Independent thinking and cultural diversity in scale modelling


Sword - 1/72 - injected multimedia



Hasegawa - 1/72 - injected

Charles Horton Zimmerman, a 1930 University of Kansas graduate, designed these amazing aircraft as a NACA engineer, and after joining Vought Aircraft in 1937, a full scale manned aircraft came to reality in 1940 as the V173 demonstrator, ordered by US Navy who was considering hovering liftoff and relatively high top speed capabilities of such a design, for a carrier based fighter project that would later appear under the XF5U-1 designation. Known as "flying pancakes", "flying flapjacks", or "Zimmer's skimmers", they where impossible to stall or to spin, which doesn't mean they couldn't reach the ground in an unwanted attitude, which test pilot Richard H. Burroughs had the opportunity to experience on june 3, 1943, when following an engine vapor lock, the V173 hit the ground ending inverted like a...flapjack during the subsequent emergency landing. Both fabric covered V173 and metallic XF5U-1 have basically the same dimensions and single seat twin engine design, with counter rotating props and fully washed airfoil, but the XF5U-1 is much heavier and powerful in order to fighter specifications, with an expected top speed of 473 mph against 137 mph for the V173. However, if the V173 flew many times (with Charles Lindbergh himself at controls among others) until 1947, its successor never flew (probably a good thing for its expected test pilot...). After a couple of engine runups and taxi trials, program went to cancellation on march 17, 1947 due to end of war funding cuts. Other priorities were being considered at dawn of jet age...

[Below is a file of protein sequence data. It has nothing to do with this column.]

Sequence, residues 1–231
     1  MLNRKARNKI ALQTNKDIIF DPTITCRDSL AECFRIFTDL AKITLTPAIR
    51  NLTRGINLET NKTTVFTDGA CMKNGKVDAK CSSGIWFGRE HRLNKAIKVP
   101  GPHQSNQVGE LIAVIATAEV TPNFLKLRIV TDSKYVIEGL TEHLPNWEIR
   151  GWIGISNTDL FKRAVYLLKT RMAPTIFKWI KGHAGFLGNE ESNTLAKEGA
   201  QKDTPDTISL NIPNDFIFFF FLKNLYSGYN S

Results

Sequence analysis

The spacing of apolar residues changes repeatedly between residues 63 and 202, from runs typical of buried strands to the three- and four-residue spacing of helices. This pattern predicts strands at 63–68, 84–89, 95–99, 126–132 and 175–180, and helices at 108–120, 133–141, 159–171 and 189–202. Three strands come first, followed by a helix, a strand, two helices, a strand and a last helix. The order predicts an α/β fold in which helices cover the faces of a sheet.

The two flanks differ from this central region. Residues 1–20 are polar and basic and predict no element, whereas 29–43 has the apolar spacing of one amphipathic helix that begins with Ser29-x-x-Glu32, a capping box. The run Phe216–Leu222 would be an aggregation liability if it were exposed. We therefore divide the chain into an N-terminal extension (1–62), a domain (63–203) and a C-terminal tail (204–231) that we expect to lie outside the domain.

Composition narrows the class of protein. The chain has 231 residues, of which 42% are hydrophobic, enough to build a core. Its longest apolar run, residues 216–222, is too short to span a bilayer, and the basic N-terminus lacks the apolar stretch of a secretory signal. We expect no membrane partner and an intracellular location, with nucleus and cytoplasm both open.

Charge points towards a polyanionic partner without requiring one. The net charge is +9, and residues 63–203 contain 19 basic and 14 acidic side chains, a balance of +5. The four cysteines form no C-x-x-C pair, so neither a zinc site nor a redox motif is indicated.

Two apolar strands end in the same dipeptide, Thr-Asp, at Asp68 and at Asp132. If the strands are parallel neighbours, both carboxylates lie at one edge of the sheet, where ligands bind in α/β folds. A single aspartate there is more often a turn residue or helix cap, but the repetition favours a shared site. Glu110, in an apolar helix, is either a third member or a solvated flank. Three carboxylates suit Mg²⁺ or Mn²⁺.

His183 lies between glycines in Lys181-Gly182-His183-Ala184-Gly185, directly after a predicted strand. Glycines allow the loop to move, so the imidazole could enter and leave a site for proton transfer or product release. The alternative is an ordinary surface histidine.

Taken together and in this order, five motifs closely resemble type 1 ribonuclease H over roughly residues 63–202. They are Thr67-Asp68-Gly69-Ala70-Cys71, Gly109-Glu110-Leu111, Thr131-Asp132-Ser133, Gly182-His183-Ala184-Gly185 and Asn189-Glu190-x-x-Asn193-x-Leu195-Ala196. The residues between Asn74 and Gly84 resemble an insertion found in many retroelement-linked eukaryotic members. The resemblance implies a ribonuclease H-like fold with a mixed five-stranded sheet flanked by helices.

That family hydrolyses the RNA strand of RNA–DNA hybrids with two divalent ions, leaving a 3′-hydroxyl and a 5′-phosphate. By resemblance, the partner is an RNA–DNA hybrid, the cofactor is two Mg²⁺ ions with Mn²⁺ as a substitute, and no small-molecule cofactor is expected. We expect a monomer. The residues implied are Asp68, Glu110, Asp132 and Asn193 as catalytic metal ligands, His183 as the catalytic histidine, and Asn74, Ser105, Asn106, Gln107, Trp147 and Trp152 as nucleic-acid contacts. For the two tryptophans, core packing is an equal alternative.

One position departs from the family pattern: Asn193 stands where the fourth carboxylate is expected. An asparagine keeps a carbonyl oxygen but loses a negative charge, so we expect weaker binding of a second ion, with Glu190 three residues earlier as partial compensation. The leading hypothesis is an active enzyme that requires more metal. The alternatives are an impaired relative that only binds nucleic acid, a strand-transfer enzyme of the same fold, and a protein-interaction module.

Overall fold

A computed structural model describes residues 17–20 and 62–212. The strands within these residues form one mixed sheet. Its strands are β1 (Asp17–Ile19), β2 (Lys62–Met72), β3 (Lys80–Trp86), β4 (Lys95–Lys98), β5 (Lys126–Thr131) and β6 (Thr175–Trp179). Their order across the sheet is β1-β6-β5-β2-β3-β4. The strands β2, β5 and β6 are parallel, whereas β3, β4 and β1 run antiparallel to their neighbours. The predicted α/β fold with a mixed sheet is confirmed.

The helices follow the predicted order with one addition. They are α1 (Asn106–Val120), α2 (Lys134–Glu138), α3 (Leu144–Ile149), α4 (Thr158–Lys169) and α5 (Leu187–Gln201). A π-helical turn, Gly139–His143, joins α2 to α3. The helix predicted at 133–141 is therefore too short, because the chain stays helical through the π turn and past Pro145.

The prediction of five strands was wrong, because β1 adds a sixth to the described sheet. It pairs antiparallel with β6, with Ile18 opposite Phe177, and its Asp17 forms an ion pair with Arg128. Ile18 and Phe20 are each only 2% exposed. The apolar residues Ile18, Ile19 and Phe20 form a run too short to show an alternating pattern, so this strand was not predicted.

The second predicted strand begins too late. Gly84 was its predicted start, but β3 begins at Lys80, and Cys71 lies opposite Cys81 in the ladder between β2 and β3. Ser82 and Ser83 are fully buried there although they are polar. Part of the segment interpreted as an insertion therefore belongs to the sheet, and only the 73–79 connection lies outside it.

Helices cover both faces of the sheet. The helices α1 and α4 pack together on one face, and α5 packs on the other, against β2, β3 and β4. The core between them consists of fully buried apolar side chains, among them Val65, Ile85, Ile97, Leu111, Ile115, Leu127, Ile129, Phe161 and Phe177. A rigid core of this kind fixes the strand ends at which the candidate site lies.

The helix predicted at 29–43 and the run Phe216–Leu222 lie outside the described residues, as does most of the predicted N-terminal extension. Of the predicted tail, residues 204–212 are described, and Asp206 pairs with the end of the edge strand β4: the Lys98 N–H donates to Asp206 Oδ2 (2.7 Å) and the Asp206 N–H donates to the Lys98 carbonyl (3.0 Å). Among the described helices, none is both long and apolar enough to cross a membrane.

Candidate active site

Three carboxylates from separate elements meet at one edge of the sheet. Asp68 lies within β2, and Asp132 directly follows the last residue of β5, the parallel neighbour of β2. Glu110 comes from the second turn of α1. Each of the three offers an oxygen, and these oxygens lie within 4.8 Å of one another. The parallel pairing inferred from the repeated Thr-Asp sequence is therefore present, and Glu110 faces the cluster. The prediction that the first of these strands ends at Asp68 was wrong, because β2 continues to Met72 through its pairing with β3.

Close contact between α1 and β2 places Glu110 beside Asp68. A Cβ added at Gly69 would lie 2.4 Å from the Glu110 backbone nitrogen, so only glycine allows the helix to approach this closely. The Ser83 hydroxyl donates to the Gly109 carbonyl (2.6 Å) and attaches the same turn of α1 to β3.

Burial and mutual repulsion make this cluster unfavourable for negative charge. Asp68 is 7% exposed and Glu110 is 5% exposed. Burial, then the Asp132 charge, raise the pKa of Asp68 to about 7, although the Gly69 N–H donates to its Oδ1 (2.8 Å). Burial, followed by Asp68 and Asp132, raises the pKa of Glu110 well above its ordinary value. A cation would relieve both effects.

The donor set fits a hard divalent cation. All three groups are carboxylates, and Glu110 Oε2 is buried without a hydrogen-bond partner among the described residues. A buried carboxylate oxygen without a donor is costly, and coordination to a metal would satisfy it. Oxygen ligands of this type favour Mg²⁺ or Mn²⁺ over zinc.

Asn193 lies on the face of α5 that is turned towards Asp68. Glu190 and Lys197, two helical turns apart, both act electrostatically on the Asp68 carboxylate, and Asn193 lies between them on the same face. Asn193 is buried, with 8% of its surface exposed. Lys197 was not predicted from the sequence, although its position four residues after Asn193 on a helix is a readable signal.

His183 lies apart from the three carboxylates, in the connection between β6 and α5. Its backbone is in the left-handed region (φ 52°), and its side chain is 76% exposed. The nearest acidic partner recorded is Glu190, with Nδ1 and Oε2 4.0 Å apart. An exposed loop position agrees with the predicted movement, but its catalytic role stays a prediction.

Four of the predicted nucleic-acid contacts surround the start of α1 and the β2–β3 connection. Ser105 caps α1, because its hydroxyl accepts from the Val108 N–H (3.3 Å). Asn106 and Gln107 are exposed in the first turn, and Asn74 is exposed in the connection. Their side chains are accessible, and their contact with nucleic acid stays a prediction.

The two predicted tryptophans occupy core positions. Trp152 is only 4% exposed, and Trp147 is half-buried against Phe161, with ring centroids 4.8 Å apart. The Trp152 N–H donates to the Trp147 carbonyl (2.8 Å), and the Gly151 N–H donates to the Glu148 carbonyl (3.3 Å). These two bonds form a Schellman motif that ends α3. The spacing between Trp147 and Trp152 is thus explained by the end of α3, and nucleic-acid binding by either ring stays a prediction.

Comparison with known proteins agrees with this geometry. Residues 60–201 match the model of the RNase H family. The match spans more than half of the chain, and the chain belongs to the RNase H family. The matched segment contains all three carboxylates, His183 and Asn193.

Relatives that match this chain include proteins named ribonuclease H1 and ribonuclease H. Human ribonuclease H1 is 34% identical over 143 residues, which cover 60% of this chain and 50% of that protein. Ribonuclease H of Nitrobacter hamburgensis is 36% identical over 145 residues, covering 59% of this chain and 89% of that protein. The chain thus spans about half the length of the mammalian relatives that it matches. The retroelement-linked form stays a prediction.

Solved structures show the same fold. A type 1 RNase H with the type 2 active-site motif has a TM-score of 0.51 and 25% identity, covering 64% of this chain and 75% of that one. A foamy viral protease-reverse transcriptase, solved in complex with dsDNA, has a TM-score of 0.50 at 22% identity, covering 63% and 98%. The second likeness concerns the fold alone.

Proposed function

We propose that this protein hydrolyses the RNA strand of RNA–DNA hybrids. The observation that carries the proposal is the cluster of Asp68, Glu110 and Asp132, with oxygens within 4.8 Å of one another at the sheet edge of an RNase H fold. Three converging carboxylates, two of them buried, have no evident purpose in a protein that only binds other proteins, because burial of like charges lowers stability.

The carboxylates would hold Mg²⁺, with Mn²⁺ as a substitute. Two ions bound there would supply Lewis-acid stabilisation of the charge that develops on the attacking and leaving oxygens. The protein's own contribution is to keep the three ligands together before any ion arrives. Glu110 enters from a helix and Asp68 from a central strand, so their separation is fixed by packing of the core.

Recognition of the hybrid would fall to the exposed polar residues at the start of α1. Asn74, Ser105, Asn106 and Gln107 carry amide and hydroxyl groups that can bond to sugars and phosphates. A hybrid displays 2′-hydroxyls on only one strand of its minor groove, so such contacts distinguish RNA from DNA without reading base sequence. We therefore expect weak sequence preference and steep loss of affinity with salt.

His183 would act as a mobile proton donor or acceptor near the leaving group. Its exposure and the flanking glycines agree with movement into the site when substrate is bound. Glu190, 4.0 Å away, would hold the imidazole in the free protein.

The Sword 1/72 V173 kit, issued in 2001 is a nice little multi material one typical from czech republic and is highly recommended. You can choose between the former version without wheel fairings (for which a bit of surgery is necessary) and national markings without bars, or the same aircraft later in its career, which I elected to do.



I used "chrome yellow" and "gloss aluminium" Tamiya spray cans to paint the model, and careful masking is required to represent the boundary between yellow and aluminium colors. The decals, although fragile are excellent with no silvering at all of the tail markings. The trim tabs and underneath pressure probe are scratchbuilt; the aerial is a hair from the devoted girlfriend.


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The 1/72 Hasegawa XF5U-1 kit has been reissued in 2001 for the last time, but had been designed by the defunct Hobby Spot U manufacturer (as well as the 1/72 Tamiya Bell X-1). Although boxing and conditioning are Hasegawa standard, I couldn't say so about the parts quality, some parts requiring a lot of trying, filling and sanding to assemble, such as engine intakes and prop spinners.




The model is painted with "Navy blue" Tamiya spray, with clear varnish. The bottom "star and bar" is not used, which photos seem to indicate. One can note oval prop markings on the left side only, and landing gear legs painted dark blue (and not silver) according to photos. I stated too late that the back side of props must be painted flat black.

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